Former Speaker of the House Newt Gingrich believes that Congress has the power to call federal judges to account and that the Constitutional separation of powers does not guarantee judicial independence.
During an appearance Sunday on CBS's Face the Nation, Gingrich was asked by host Bob Schieffer about his recent statement that if he was president he would order the administrative branch to ignore recent Supreme Court rulings on national security. Gingrich pooh-poohed any suggestion that such an order would be unconstitutional and doubled down on his position.
"There's a judge in San Antonio," he told Schieffer, "who issued a ruling so anti-religious, so bigoted, and so dictatorial on June 1, he should be called in front of a committee, and they should ask him, 'What's your -- by what right do you dictate to the American people?'"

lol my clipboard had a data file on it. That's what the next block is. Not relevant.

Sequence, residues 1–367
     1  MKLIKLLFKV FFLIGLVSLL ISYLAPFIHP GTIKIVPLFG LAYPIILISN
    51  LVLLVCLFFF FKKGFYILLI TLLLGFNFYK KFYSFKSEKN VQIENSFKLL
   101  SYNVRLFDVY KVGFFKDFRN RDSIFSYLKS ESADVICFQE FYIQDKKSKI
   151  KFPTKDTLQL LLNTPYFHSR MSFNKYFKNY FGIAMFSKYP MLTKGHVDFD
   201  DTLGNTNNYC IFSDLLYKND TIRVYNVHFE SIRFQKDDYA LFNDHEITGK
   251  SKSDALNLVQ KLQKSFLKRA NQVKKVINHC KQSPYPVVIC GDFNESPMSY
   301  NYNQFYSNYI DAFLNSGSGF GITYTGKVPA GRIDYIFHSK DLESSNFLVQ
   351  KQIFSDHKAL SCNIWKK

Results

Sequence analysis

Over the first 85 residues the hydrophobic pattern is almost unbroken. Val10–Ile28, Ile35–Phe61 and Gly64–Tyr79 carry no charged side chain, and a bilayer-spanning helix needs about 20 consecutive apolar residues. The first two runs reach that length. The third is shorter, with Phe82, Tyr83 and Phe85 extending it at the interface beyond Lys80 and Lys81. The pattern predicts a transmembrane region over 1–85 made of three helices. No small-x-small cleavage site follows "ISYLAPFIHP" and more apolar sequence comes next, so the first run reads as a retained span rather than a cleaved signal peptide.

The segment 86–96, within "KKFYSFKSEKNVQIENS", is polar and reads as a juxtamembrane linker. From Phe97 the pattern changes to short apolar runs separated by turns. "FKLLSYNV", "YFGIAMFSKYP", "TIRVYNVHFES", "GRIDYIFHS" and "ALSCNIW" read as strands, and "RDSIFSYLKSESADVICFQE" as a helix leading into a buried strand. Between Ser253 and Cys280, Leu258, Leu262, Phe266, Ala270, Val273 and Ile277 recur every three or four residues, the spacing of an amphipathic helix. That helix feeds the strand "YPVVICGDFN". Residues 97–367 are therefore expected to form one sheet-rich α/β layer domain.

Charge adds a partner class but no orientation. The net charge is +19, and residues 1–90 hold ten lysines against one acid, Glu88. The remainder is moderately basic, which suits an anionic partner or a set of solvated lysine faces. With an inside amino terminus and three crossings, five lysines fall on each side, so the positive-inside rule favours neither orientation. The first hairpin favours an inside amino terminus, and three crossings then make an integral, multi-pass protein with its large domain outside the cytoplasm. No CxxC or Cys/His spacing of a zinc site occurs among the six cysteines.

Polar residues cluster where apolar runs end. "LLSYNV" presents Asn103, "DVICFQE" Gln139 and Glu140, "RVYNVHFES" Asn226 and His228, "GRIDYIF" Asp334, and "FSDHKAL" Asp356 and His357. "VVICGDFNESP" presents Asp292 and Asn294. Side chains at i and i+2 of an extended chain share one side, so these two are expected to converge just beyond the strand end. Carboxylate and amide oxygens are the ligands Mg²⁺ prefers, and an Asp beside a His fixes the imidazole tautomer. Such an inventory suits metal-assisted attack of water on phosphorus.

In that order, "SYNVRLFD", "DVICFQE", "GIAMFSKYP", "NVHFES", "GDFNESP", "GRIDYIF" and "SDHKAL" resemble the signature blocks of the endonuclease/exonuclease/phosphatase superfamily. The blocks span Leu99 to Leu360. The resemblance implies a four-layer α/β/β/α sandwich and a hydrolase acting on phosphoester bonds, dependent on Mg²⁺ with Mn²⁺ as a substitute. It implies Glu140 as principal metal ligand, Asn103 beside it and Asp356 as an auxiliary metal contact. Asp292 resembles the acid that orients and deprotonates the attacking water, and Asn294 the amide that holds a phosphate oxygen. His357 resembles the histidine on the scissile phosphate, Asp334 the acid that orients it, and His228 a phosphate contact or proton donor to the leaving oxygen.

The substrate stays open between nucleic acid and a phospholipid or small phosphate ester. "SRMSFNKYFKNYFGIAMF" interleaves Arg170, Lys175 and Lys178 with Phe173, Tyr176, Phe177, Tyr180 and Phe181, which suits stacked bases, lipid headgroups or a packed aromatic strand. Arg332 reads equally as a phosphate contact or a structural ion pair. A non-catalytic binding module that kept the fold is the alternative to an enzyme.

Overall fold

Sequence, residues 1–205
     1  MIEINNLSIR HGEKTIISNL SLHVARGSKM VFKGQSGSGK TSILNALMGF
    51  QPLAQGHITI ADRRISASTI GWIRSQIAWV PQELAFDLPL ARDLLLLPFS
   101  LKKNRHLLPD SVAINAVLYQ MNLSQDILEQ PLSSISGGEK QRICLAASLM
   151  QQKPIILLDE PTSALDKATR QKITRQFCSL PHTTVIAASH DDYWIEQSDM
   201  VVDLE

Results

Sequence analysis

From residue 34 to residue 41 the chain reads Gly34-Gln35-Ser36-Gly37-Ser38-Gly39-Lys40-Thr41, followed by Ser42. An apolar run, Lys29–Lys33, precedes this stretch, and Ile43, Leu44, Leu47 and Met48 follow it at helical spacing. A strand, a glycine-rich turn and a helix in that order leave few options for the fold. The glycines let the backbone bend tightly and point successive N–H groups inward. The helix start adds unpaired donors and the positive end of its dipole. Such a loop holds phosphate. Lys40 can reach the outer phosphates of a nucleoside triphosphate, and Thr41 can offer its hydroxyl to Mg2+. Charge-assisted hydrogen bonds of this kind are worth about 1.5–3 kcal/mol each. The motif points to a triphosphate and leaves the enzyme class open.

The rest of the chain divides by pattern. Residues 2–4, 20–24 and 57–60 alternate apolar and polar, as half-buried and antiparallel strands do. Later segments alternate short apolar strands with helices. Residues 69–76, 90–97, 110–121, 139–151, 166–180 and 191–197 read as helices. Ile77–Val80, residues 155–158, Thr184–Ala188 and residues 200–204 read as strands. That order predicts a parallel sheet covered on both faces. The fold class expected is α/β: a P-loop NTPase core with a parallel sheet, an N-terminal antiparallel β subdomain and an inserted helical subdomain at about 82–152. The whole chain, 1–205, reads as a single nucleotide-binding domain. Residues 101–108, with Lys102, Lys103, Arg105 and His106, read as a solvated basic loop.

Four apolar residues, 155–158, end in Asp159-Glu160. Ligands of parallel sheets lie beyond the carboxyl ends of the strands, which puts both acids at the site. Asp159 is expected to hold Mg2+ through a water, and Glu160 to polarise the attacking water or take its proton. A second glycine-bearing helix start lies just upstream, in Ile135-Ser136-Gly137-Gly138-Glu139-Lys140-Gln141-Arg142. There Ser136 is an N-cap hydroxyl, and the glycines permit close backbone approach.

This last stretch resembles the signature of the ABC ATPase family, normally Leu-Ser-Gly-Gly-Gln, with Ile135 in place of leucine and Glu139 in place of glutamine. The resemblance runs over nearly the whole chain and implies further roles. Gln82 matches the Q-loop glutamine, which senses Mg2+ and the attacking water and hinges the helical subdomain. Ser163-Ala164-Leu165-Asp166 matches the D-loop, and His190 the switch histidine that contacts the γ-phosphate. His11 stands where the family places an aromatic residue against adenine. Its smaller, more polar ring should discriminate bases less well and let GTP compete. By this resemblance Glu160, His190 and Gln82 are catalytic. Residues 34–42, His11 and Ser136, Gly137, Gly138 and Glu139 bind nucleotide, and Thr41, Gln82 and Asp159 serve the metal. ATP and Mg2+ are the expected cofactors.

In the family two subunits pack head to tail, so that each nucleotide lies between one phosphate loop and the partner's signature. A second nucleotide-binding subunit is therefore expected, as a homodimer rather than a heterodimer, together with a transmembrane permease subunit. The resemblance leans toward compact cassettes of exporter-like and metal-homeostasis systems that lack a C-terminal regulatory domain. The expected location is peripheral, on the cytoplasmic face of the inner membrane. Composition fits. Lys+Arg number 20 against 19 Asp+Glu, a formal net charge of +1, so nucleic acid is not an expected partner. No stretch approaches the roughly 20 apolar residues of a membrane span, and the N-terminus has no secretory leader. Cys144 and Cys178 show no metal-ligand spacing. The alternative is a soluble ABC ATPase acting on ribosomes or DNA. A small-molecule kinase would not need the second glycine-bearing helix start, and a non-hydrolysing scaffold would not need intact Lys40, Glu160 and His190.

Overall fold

This was apparently a reference to a ruling by U.S. District Judge Fred Biery that a Texas high school could not include a formal prayer in its graduation ceremony, since that would amount to "sponsoring a religion." There was an immediate outcry by conservatives, with the Texas attorney general calling the ruling "a trampling of the First Amendment" and "part of an ongoing attempt to purge God from the public setting."
"You have judges who are dictatorial and arrogant, who pretend that they are the dominant branch, and who issue orders that are clearly against the Constitution," Gingrich insisted. "It is unconstitutional, and somebody should stand up to them and say no."
This video is from CBS's Face the Nation, October 9, 2011.